Average people healthy enough for space travel: Study
Average people with common medical problems such as high blood pressure, heart disease or diabetes are healthy enough to tolerate commercial flights to space, a new study has found.
Washington: Average people with common medical problems such as high blood pressure, heart disease or diabetes are healthy enough to tolerate commercial flights to space, a new study has found.
Historically, spaceflight has been reserved for the very healthy. Astronauts are selected for their ability to meet the highest physical and psychological standards to prepare them for any unknown challenges, researchers said.
However, with the advent of commercial spaceflight, average people can now fly for enjoyment.
The aerospace medicine group at the University of Texas Medical Branch at Galveston has studied how average people with common medical problems - high blood pressure, heart disease, diabetes, lung diseases like asthma or emphysema and back and neck injuries, surgeries or disorders - would be able to tolerate the stresses of commercial spaceflight.
They found that nearly everyone with well-controlled medical conditions who participated in this project tolerated simulated flight without problems.
"Physiological stresses of flight include increased acceleration forces, or 'G-forces,' during launch and re-entry, as well as the microgravity period," said lead author Dr Rebecca Blue.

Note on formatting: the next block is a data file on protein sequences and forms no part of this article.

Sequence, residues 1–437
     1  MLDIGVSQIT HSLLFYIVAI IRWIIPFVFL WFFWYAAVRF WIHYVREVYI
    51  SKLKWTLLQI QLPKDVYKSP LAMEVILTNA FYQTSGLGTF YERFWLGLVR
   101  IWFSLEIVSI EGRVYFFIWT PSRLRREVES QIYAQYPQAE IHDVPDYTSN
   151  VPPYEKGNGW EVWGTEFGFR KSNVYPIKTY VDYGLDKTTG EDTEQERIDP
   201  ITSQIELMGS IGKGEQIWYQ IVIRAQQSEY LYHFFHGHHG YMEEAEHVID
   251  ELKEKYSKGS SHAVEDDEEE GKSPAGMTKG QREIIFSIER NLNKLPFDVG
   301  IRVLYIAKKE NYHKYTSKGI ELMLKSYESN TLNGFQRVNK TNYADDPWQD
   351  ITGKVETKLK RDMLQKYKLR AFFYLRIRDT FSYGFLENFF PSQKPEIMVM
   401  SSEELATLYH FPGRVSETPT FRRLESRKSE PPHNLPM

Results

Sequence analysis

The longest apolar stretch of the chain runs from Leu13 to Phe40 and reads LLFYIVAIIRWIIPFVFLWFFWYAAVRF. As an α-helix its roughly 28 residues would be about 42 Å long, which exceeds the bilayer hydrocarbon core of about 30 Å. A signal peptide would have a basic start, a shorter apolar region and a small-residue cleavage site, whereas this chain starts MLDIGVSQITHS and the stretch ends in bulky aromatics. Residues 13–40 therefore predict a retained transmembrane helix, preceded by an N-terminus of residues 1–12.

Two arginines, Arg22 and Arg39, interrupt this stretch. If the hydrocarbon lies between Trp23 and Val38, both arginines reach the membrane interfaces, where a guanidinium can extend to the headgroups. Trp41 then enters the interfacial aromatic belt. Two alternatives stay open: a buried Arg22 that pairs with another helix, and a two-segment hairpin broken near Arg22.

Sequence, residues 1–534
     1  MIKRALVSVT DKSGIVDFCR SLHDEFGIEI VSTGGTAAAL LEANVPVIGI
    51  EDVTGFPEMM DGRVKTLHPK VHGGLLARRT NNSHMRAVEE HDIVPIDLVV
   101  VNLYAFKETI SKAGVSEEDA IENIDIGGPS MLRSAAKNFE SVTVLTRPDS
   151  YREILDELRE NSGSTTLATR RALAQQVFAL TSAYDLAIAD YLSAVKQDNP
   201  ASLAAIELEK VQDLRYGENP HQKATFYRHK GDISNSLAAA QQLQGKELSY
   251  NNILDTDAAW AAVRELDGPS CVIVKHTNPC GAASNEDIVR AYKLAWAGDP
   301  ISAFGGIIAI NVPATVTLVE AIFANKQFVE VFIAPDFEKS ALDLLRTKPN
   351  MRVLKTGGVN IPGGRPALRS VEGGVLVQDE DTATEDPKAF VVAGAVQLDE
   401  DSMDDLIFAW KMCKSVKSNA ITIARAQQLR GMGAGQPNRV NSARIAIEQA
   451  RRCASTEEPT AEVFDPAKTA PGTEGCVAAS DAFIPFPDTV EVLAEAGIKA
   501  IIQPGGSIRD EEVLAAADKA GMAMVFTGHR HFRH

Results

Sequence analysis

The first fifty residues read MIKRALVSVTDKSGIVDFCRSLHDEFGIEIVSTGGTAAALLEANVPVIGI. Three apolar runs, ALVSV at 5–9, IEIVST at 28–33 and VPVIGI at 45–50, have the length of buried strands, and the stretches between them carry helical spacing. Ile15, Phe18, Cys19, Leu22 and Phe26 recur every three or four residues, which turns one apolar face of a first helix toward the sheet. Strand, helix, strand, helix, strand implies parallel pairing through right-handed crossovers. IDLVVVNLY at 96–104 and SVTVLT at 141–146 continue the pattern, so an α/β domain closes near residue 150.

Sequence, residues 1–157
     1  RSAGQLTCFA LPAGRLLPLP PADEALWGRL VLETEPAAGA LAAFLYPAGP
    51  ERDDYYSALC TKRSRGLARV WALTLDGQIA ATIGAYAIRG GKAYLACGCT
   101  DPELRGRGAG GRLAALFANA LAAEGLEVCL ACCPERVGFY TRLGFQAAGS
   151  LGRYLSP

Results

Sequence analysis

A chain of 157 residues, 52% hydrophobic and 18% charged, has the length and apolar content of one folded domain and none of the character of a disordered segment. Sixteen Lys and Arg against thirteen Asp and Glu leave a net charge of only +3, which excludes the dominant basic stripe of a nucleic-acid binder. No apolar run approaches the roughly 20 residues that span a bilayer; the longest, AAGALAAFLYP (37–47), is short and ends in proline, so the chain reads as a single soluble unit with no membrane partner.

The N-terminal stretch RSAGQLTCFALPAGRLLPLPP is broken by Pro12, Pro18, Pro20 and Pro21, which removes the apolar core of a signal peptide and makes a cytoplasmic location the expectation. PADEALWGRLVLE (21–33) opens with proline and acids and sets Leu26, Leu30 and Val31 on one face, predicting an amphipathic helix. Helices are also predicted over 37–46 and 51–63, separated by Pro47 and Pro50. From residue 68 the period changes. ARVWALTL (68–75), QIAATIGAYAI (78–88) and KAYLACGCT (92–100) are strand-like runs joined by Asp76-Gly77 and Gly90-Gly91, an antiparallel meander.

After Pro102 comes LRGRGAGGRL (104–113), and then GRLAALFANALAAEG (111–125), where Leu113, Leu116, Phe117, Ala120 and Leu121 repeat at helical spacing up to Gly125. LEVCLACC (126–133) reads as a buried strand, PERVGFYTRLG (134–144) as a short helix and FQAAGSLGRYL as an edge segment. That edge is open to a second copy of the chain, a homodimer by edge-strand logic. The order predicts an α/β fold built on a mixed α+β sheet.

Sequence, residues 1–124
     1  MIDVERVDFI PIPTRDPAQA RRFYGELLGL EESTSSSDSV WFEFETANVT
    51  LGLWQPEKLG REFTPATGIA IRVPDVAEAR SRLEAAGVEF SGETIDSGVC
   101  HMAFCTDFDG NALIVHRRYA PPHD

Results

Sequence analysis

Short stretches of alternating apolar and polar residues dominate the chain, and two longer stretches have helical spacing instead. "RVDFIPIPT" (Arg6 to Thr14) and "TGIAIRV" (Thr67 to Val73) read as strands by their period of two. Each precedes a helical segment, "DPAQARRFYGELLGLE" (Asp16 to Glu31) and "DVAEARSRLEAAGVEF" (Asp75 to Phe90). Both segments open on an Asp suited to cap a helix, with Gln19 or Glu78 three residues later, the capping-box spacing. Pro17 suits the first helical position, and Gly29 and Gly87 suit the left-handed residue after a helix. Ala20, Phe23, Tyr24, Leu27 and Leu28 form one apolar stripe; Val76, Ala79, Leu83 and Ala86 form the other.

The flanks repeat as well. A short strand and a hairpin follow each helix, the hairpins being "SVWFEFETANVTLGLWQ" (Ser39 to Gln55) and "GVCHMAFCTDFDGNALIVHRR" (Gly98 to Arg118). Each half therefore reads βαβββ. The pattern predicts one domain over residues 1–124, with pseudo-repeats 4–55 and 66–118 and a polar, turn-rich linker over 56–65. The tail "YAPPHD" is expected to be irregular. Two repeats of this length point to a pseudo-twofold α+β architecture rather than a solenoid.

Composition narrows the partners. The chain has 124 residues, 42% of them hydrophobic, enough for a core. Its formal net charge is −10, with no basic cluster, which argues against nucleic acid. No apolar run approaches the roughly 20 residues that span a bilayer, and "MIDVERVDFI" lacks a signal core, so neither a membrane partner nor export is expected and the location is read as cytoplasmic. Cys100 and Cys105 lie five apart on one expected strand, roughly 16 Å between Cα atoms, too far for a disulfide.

"Our goal was to see how average people with common medical problems, who aren't necessarily as fit as a career astronaut, would be able to tolerate these stresses of an anticipated commercial spaceflight," Blue said.
The researchers studied how people with common medical conditions performed when put through centrifuge simulations of spaceflight launch and re-entry.
The centrifuge allows researchers to mimic the acceleration of a rocket launch or of a spacecraft re-entering through the atmosphere.
The acceleration forces expected in a commercial spaceflight profile are tolerable, but can be uncomfortable, for healthy individuals.
The researchers wanted to see if they were equally tolerable for individuals with complex medical histories or whether there were certain conditions that would make it more difficult for them to handle the flight.
"This study further supports the belief that, despite significant chronic medical conditions, the dream of spaceflight is one that most people can achieve," said Blue.
The study appears in the journal Aviation, Space and Environmental Medicine.